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On Dobbs anniversary, abortion rights advocates in Kentucky urge renewed focus on the fallout

Josh James

The two-year anniversary of the Dobbs decision overturning Roe v. Wade brought abortion rights advocates and medical professionals out for a new statewide push to spotlight the issue.

In Lexington, reproductive rights supporters addressed media outside the Stephen Courthouse — with some speakers emphasizing the chilling atmosphere they say Kentucky's strict abortion laws have created in medical circles.

A survey of Kentucky medical students showed a majority would consider receiving medical training out-of-state due to the commonwealth’s abortion laws.

"The future — it's their future. And there is no way that they should have to live where they can't have a choice."
Cyndi Wathen, abortion rights advocate, speaking about young women in her family

Shriya Dodwani, a second-year medical student of the University of Louisville, says her peers view the Dobbs decision reversing Roe v. Wade through a healthcare lens that isn’t political.

"The way medical students see it and medical providers see it is that this is hindering out ability to pursue the education that we came here for," she tells WUKY.

Dodwani says that feeling is borne out by recent poll results showing over 62% of medical school students would weigh out-of-state medical training because of Kentucky’s abortion regulations. The survey was small – with 272 responses over 10 days. Respondents were specifically asked whether they might seek out the out-of-state education because of “Kentucky’s restrictive abortion laws.”

But Dodwani noted the poll wasn’t limited to students considering jobs in women’s health.

"This is not specific to OB-GYN residents or people wanting to pursue OB-GYN, but as a whole," she added. "The numbers speak for themselves."

Those numbers come at a time when Kentucky, like other states, is grappling with a severe shortage of health care providers, with at all but seven of the state’s 120 counties designated as Health Professional Shortage Areas.

The national Health Resources and Services Administration reported that more than half of Kentucky’s 120 counties did not have a dedicated OB-GYN in 2020 and 2021.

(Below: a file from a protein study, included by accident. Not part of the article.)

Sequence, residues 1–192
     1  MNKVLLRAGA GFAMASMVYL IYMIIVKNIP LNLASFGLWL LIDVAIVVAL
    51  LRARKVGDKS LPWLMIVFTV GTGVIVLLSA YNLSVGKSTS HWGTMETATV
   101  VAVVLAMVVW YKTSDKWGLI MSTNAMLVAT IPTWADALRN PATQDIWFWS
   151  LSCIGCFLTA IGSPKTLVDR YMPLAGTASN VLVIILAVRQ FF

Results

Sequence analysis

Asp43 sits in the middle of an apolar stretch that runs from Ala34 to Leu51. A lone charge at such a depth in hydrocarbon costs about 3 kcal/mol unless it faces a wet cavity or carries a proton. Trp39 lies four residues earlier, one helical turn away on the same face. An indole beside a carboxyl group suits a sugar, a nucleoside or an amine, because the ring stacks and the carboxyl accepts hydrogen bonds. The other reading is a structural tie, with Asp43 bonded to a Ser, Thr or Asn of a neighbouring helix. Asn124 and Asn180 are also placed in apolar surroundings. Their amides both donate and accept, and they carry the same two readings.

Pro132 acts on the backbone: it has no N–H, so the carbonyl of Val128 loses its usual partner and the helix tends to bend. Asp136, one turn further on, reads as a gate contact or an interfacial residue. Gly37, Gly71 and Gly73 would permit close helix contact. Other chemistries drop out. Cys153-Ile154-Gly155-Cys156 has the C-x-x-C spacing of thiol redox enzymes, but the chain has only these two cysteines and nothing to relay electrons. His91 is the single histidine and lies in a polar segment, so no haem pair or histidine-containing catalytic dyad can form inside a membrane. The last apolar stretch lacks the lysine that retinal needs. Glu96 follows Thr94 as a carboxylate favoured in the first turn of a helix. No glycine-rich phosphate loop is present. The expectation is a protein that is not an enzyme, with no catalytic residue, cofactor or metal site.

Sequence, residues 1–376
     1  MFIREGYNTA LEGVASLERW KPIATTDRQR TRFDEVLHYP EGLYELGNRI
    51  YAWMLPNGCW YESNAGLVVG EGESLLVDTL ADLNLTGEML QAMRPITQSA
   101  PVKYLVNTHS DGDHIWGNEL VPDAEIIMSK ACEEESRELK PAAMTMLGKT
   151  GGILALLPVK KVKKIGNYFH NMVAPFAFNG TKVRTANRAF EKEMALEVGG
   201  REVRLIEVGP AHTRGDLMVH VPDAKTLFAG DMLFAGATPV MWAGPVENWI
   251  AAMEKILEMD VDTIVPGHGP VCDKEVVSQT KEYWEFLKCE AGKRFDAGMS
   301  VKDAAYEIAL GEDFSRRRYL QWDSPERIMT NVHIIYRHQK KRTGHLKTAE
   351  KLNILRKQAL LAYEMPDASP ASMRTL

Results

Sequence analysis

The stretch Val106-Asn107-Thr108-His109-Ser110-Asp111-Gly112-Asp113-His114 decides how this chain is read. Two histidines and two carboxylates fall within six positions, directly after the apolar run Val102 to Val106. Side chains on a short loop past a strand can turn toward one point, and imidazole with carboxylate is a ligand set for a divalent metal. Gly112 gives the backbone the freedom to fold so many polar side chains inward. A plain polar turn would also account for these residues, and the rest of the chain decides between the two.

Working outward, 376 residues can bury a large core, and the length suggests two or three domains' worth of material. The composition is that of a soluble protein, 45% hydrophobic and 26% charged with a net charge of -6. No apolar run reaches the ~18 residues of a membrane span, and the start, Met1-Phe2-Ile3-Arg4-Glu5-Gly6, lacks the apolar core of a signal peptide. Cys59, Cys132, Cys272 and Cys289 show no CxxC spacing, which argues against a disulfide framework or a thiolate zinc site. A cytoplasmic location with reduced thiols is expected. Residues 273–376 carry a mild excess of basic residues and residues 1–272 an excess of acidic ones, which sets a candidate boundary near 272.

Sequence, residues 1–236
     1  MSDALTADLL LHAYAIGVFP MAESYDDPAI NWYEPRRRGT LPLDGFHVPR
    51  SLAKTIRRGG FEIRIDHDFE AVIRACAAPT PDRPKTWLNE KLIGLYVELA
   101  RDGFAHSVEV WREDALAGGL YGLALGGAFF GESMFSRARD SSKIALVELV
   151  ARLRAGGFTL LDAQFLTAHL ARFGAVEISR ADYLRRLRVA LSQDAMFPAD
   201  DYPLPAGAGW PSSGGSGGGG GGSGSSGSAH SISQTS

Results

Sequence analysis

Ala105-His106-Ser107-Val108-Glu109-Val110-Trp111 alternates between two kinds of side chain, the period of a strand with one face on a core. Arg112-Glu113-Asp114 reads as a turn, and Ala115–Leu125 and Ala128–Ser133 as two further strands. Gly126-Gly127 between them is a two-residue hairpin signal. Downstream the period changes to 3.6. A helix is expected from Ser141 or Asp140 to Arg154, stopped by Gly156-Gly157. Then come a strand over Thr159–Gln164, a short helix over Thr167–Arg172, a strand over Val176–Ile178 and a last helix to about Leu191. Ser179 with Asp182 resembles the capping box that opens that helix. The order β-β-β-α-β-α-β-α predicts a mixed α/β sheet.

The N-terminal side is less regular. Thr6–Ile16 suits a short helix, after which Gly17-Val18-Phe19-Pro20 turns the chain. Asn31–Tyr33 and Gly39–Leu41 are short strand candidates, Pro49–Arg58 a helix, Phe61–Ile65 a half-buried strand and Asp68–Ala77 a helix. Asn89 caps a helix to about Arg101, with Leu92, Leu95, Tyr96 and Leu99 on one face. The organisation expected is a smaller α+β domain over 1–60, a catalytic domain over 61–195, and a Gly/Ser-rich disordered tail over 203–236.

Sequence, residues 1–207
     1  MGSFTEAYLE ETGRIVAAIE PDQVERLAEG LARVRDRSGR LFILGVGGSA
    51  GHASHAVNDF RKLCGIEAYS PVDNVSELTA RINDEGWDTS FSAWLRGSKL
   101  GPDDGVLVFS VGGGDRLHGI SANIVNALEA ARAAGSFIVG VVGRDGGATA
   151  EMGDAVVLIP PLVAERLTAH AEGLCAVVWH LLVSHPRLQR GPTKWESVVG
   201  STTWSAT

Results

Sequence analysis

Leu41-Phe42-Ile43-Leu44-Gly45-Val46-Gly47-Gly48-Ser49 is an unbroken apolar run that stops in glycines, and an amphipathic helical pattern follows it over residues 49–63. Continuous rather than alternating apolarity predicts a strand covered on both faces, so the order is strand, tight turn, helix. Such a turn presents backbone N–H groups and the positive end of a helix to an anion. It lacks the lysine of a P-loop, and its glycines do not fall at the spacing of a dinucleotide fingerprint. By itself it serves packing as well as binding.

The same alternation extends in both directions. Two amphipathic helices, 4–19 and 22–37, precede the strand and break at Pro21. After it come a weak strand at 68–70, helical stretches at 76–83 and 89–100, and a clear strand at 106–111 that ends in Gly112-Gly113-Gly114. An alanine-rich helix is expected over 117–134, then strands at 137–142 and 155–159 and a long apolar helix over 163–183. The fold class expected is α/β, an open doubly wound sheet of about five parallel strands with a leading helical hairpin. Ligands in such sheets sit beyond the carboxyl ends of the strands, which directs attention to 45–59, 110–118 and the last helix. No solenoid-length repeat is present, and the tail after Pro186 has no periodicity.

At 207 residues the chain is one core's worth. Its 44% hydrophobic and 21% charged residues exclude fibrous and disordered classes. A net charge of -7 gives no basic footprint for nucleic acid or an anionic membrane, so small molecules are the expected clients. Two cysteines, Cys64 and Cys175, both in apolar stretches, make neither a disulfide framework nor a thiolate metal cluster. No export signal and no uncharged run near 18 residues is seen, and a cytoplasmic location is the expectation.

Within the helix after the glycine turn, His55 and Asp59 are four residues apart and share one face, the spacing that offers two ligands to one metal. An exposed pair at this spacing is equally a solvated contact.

Meanwhile, outside the state Capitol in Frankfort, a group rallied in support of reproductive rights.

Two years ago, when the U.S. Supreme Court handed down the landmark reversal, it sent the issue to lawmakers at the state level.

Monday, organizers with the National Organization of Women and the Women’s March have called for a national "Day of Action’" and urged women and girls to bow out of work and school in protest of the SCOTUS ruling.

Cyndi Wathen of La Grange did just that.

"Took off work," she says. "I have a daughter-in-laws. They are both pregnant right now and one of them is definitely having a girl. The future — it's their future. And there is no way that they should have to live where they can't have a choice. Their body, their choice."

Those who oppose the Dobbs decision are also being asked to only shop at businesses owned by women. According to a recent Gallup poll, 54% of Americans say they are pro-choice. Fourteen states currently enforce abortion bans at all stages of pregnancy with limited exceptions.

Advocates hope to harness the energy and attention surrounding the anniversary as a way to put the issue in front of voters — in some cases literally. The Kentucky campaign will include two mobile billboard trucks that will be visible in Frankfort, Lexington, and Bowling Green over the next several weeks.

Josh James fell in love with college radio at Western Kentucky University's student station, New Rock 92 (now Revolution 91.7). After working as a DJ and program director, he knew he wanted to come home to Lexington and try his hand in public radio.
Karyn Czar joined the WUKY News team July 1, 2013, but she's no stranger to radio.